Neil Gaiman's Marvel 1602
review (focusing on issue 2) by Mike Baron
Lemme just take a guess here. Sixteen oh two is entirely Neil Gaiman's idea. I'm guessing Marvel said to him, "Neil, what do you want to do? Anything's good." And Gaiman, being a Master Planner as well as a consummate story-teller, elected to junk five hundred years of continuity and start at the beginning. It's more clever than that. By placing the Marvel universe in 1602 and fitting them into preexisting historical conditions and attitudes, he's revitalized the entire Marvel universe. Never has the dictum that strict discipline imparts the greatest freedom been more apt.
1602 #2, © 2003 Marvel Comics
Sixteen oh two number one was sold out locally within days. It's always been my contention that you should be able to pick up any issue of any comic and be entertained. If the entertainment pay-off depends on slogging through nine issues of joyless sludge, the creators have not succeeded. Needless to say, this succeeds, and succeeds well. However, it is not Watchmen, nor even American Gods. These comics won't change your life. A brilliant concept plus competent writing-voila! The story concerns Sir Nichols Fury in the new world, paying a visit on the crippled Carlos Xavier who runs a school for gifted children. Or are they witches and warlocks? The Inquisition stands in for today's mutant intolerance. That idea just smacks you in the face with aptitude.
Gaiman also gets the language right, including an hilarious opening monologue by the Beast. Daredevil, Spiderman, and many others troll through these twenty-two pages which seem far from crowded. The art is a wonderful blend of Kubert's fine drawing ability and painterly coloring by Richard Isanove. The covers, by theater poster designer Scott McKowen, are unlike anything you've seen on a comic before, but extremely appropriate and attractive. I will be doing a feature on McKowen for James (Starchild) Owen's International Studio. For those wondering what happened to Mr. Owen, go to Coppervale.com and take a look.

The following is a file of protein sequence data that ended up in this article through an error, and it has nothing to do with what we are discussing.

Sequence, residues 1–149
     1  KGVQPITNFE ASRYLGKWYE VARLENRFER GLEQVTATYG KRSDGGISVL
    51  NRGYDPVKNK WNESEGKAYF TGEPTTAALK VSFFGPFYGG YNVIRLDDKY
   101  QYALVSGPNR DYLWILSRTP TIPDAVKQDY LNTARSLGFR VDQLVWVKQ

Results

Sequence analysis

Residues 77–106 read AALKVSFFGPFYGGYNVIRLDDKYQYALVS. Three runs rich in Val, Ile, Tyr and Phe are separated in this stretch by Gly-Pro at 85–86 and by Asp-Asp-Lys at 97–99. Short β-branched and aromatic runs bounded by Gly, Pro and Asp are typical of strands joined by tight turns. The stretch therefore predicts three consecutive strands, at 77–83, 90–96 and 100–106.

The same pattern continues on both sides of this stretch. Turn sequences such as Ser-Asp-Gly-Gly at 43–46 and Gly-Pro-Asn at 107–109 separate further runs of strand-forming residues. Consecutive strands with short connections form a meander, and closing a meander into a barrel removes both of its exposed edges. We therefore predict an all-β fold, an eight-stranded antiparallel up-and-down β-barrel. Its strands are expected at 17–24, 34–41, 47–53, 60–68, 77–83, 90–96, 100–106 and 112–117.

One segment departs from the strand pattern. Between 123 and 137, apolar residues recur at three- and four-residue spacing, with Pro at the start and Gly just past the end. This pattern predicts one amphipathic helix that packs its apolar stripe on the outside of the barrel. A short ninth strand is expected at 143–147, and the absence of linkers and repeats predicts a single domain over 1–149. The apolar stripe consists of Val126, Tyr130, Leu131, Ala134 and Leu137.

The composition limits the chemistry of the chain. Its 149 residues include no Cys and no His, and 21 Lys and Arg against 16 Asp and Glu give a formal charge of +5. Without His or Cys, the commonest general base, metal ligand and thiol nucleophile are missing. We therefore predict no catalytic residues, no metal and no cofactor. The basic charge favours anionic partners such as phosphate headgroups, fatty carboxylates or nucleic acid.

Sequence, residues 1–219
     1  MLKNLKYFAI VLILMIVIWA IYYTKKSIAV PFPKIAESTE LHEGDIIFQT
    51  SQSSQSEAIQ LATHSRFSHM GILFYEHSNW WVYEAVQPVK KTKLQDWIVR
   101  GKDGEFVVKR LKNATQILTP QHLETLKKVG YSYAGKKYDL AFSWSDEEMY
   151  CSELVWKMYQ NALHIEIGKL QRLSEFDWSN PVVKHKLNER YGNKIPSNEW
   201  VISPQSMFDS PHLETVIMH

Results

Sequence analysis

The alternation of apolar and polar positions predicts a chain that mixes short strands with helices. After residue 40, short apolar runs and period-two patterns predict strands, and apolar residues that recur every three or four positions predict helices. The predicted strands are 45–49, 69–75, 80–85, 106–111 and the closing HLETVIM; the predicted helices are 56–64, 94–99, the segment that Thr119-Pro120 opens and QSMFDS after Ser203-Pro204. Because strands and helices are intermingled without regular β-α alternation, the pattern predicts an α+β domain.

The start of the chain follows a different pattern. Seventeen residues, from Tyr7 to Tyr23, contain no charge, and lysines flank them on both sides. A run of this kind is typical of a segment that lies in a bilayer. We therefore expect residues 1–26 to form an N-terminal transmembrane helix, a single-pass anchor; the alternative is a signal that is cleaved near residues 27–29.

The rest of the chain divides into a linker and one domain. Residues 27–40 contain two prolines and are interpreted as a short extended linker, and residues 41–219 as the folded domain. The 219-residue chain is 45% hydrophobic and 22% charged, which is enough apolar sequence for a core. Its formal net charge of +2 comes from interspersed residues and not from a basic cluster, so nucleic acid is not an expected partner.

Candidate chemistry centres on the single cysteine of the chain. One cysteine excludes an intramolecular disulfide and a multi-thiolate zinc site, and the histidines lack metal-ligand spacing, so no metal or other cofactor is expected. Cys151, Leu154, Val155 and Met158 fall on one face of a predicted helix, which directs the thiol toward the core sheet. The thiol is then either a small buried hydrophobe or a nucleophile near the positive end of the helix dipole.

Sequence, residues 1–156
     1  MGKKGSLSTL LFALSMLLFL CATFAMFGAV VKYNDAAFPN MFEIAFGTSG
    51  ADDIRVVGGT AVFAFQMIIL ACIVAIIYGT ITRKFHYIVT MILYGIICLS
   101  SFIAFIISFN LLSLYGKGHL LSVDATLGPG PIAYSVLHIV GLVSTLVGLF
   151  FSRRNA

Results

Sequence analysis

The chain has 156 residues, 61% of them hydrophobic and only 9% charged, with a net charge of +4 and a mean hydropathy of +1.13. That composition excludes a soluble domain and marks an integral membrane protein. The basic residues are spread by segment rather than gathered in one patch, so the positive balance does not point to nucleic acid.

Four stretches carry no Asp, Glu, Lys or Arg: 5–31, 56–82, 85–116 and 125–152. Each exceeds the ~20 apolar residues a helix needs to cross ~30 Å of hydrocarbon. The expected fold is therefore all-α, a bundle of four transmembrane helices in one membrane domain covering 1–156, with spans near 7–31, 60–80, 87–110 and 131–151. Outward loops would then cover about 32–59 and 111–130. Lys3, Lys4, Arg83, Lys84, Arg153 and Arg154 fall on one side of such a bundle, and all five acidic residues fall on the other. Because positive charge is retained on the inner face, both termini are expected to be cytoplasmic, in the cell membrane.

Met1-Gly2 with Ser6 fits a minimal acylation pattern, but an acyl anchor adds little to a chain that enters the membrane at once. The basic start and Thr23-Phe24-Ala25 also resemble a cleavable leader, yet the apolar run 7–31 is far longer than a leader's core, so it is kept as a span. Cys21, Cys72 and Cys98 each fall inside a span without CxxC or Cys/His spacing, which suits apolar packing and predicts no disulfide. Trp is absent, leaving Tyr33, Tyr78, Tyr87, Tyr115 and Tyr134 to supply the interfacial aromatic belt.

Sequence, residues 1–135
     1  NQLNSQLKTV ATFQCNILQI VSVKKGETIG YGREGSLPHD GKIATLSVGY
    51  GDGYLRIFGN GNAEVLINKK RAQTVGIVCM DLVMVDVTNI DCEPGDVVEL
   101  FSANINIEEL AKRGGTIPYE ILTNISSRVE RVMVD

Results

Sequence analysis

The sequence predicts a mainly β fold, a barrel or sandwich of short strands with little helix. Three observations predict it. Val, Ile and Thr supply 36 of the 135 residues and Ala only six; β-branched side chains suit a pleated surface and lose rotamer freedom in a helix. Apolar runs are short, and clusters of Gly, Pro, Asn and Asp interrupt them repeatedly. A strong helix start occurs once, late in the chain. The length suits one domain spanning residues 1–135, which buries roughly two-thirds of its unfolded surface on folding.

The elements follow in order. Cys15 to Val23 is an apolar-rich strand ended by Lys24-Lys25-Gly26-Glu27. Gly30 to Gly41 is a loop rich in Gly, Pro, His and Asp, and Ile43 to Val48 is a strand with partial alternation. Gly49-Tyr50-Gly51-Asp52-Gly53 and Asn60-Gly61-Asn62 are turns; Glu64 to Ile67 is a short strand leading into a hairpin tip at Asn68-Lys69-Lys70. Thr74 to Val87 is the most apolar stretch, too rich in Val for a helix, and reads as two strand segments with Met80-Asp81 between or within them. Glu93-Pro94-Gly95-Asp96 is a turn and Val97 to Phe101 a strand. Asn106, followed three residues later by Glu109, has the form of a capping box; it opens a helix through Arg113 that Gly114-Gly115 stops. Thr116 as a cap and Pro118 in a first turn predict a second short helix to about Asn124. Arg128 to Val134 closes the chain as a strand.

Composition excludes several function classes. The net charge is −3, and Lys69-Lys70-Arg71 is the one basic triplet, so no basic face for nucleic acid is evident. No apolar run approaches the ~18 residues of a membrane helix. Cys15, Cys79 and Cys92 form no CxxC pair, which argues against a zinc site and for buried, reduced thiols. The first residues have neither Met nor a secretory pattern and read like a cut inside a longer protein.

In the meantime, 1602 stands head and shoulders above most of the superhero fare these days.
I lived most of my life in Madison, Wisconsin. Frank Lloyd Wright territory. My father managed the men's department in a large department store called Baron Brothers, owned by my uncles. Frank Lloyd Wright was a regular customer. He always wore a snappy hat and carried a cane. Sometimes he wore a cape. When my father was planning his first house, Mr. Wright approached him.
"Lee, I understand you're planning on building. I'd be pleased to be your architect."
My father was a wise man, and familiar with Mr. Wright's building history. "I appreciate that very much, Mr. Wright, but I'm afraid we can't afford you."
Wright was prepared to argue the subject. He was always hungry for commissions. I'm fascinated by his life and philosophy. For years, I struggled to write a mammoth horror tale out of Wright's life. (His life does indeed contain elements of horror. I urge readers to see out a biography and see what inspired me.)
AIT/PlanetLar will publish The Architect sometime in 2004. My artist, Andie Tong, lives in Western Australia and can only work on the project in his spare time. Nevertheless, Andie has managed to bring my vision to startling life. Herewith, one of Andie's pages.
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